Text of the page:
Think about what you offer and see if there's a way to add a gentle, loving nudge to your prospects and clients to get them to open their wallets a little bit more or a little bit more often.

** What's the line that has had Viagra and other medications like it flying off the doctors' scrip pads?  "If erection lasts for more than 4 hours, please consult a physician."  What guy can resist that?  It is marketing disguised as a warning.   Brilliant.

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You Can’t Game Google

Had a great laugh with my friend Jim this week. He asked if I was going to listen in on a webinar for a new (read: recycled) SEO technique. My exact words to him were: “Thanks. But I'll pass. I've given up on SEO. I think it is all bullshit because Google just goes and changes their algorithms at whim. You wind up chasing your tail.”

Jim and I had discussed his latest foray into SEO a few weeks before. He had paid a guy to create a ton of backlinks to his site (already on the first page of Google) to drive it to the very top. The backlinks were created and the home page of his site disappeared from Google search. Oh, it may have been somewhere on page 57 or so, but for all intents and purposes, it was gone. A couple of his back pages showed up on pages 2 and 3, but the home page was nowhere.

He contacted the guy, had him remove all those lovely backlinks, and lo and behold, his home page was once again on the first page of Google. Said Jim, “Lesson learned.”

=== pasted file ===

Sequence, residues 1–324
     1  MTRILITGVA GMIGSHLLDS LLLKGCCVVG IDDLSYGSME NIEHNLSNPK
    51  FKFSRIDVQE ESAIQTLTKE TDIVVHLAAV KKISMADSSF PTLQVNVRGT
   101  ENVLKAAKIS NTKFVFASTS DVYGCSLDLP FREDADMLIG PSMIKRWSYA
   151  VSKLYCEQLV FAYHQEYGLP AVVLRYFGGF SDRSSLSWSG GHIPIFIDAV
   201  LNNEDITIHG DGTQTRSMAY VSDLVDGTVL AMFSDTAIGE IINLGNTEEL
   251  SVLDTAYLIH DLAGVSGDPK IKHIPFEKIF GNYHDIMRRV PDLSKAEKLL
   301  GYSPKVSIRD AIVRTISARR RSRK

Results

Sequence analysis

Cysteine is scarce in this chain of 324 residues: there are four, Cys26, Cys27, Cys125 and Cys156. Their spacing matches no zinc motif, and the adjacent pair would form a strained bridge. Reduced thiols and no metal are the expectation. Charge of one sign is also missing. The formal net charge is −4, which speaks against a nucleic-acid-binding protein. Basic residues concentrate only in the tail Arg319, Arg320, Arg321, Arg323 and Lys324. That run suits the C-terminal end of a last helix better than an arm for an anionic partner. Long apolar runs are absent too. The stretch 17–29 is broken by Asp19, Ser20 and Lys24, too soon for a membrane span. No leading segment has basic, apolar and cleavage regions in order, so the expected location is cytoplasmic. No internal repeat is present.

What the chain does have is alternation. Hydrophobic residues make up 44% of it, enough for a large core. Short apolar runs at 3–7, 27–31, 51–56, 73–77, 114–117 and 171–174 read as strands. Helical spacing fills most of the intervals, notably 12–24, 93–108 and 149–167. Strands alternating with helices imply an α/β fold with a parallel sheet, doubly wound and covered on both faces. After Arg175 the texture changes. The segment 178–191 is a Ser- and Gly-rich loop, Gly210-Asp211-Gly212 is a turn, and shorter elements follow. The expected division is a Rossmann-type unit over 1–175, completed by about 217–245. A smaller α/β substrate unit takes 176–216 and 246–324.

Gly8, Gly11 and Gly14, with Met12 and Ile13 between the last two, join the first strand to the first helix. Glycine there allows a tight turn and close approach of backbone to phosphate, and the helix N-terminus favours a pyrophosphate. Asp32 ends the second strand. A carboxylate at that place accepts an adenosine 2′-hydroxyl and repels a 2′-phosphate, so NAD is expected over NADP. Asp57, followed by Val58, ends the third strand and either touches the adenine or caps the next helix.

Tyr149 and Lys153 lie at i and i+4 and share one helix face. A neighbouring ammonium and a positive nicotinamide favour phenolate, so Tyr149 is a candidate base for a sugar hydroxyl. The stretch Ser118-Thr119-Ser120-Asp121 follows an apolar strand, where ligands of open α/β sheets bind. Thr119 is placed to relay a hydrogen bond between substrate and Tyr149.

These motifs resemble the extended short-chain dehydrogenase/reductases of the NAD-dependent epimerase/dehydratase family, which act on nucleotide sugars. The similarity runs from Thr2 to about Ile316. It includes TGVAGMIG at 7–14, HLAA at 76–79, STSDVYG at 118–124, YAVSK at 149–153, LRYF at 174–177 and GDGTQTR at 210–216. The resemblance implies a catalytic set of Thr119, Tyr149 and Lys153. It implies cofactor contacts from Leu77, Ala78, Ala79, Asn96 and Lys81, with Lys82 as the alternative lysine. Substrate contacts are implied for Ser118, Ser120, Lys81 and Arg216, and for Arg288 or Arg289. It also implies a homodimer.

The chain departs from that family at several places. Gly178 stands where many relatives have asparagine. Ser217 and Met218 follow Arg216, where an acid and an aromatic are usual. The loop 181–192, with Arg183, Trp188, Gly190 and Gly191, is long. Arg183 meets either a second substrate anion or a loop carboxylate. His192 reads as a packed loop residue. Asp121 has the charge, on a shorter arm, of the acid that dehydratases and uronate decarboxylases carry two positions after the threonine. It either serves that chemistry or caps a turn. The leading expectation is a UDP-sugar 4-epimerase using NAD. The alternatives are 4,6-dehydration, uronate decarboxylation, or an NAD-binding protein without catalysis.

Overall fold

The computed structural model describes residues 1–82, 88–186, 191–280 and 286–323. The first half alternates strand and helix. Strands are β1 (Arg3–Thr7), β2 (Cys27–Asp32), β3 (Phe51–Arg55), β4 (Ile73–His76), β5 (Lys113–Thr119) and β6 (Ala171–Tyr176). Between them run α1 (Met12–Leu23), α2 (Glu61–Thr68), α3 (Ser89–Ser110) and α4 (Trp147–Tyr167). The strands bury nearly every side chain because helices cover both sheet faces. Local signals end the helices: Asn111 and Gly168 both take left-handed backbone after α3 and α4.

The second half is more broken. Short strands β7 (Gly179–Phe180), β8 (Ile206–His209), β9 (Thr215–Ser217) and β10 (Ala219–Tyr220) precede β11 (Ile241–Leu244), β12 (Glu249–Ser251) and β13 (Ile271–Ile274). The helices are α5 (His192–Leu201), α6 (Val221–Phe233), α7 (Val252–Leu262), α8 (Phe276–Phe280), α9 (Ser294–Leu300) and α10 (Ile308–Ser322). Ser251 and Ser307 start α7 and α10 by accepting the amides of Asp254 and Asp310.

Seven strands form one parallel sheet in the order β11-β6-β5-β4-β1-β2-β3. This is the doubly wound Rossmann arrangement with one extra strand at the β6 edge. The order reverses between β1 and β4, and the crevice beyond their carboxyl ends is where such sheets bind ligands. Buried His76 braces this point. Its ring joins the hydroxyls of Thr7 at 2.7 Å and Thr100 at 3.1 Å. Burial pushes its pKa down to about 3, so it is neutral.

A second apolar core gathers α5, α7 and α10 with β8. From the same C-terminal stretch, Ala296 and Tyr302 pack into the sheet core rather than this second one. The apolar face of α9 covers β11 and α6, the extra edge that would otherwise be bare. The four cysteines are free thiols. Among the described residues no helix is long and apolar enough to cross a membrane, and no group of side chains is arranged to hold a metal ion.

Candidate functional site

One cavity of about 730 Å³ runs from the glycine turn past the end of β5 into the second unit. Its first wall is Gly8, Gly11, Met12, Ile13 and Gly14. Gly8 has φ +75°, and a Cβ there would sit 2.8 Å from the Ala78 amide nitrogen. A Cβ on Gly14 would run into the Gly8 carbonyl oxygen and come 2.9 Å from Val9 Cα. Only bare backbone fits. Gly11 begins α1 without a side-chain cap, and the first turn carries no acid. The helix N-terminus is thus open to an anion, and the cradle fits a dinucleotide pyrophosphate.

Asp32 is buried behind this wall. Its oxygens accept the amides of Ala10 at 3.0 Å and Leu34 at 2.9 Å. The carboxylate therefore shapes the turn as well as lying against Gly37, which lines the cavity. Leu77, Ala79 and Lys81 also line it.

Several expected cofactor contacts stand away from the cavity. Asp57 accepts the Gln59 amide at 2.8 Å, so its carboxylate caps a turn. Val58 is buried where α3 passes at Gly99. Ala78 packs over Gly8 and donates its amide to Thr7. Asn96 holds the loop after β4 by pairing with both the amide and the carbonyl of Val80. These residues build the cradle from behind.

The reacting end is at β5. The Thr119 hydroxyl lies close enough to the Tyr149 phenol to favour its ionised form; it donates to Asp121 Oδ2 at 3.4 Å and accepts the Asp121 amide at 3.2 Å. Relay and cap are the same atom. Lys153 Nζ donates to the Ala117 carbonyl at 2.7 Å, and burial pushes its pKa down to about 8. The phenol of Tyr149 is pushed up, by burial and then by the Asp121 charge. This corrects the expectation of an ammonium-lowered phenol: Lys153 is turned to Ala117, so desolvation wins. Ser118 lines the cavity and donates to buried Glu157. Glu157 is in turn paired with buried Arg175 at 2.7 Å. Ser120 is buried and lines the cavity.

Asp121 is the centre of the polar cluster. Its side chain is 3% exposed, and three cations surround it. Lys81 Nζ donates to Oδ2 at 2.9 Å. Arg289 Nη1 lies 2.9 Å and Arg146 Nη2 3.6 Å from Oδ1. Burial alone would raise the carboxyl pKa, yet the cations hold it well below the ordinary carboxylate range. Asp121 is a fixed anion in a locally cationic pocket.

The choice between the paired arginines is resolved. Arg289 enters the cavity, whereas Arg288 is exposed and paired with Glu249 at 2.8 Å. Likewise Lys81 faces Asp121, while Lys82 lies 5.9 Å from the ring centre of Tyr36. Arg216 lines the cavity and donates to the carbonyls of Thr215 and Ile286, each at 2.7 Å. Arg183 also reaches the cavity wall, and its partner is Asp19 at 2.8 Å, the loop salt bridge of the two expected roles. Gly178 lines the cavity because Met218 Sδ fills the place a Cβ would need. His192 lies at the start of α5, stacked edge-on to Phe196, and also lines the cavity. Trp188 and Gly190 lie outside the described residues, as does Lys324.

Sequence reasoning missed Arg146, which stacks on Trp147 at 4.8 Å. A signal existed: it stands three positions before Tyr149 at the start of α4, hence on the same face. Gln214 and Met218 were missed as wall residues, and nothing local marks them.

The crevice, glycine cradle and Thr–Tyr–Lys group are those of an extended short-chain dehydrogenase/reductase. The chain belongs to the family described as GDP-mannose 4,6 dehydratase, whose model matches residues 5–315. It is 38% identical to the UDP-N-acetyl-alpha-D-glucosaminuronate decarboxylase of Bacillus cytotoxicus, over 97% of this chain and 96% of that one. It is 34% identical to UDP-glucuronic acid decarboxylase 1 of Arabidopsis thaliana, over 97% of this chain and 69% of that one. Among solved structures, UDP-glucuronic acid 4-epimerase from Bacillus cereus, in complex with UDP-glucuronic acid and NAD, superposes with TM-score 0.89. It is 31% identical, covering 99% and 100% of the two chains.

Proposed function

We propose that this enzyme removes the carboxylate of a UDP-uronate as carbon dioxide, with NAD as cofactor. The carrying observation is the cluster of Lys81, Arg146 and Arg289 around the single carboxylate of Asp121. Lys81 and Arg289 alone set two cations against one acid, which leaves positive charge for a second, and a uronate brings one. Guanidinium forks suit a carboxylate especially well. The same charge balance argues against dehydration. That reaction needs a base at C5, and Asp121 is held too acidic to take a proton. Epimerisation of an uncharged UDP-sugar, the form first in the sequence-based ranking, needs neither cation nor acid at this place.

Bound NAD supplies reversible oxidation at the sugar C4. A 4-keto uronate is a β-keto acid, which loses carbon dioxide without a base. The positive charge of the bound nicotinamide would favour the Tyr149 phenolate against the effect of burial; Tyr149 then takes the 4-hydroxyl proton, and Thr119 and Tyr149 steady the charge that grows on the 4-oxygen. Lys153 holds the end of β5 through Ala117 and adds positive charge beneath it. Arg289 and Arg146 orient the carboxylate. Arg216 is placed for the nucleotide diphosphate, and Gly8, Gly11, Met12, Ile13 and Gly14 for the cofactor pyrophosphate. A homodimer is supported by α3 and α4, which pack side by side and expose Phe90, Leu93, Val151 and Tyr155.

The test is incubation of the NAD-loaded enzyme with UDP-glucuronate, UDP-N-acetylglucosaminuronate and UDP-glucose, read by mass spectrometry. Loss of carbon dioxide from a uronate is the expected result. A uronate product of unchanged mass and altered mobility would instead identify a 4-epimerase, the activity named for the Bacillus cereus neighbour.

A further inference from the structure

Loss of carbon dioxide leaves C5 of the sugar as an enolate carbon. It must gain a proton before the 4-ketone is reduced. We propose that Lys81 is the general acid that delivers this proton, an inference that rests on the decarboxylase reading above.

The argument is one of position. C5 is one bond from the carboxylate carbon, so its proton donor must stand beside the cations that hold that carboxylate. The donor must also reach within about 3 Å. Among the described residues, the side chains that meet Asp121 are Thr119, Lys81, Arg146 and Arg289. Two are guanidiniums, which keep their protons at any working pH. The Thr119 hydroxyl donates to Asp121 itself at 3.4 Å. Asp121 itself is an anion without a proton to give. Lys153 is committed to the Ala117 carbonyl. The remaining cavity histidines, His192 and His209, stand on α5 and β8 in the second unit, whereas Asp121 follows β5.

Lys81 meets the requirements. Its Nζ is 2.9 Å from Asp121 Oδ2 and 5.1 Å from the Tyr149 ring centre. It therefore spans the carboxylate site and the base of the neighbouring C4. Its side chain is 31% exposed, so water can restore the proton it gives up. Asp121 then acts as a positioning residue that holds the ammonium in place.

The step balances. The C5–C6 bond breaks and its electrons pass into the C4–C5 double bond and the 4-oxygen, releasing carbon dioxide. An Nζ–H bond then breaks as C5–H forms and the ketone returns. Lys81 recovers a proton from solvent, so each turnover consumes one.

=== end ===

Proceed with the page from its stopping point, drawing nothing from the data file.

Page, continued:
So, imagine his absolute joy when he realized he was listening to a webinar extolling the virtues of paying someone to create a network of backlinks (and you could get it for only $47 a month!). We laughed ourselves silly.

Here’s the thing:
Google has already figured out the game. Google has already figured out EVERY game. It is Google. It knows all. It sees all. It controls the game.

A quick check with friends who have sites on the first page of Google (in various niches ranging from transmissions to vacation rentals) told me what I already suspected. Want to get on the first page of Google? Do this:

Have good, relevant content.
Don’t be a sales page.
It’s better to have some time behind your domain name rather than be brand new.
Use keywords, but don’t keyword “stuff.”

I’ll go one step further. Don’t be Google-dependent. If your traffic depends on being on the first page of Google, pay Google. Very simple.

But most of us don’t have businesses that need to be found by unknown prospects from all over the globe. Most of us have businesses with a specific target market.

If you address your target market, listen to their needs and give them what they want, they’ll find your site. Especially if you feature it prominently in your marketing materials.

It’s the same thing with as-yet-unknown prospects. Find where they hang out (online and offline) and market to them there.

Frankly, pinning your business’s future on your Google search rank is not a great plan. You need to be doing a lot more than hoping someone clicks on that link. You need a comprehensive marketing plan. Google is just one piece of the puzzle.

Google is a moving target. And it moves a lot faster than most of us. Do this: Provide a good product or service, understand your customer base, take care of your people. Then market! The Google ranking will take care of itself.